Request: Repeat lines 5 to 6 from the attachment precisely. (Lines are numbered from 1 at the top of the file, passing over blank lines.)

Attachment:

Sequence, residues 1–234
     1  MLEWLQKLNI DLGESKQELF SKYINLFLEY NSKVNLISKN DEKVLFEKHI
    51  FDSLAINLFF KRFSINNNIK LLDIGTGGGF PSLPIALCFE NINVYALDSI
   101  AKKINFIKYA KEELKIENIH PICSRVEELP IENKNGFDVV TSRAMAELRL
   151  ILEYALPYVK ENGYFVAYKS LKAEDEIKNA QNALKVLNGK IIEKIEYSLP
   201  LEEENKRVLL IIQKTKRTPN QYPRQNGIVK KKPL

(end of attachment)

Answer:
   151  ILEYALPYVK ENGYFVAYKS LKAEDEIKNA QNALKVLNGK IIEKIEYSLP
   201  LEEENKRVLL IIQKTKRTPN QYPRQNGIVK KKPL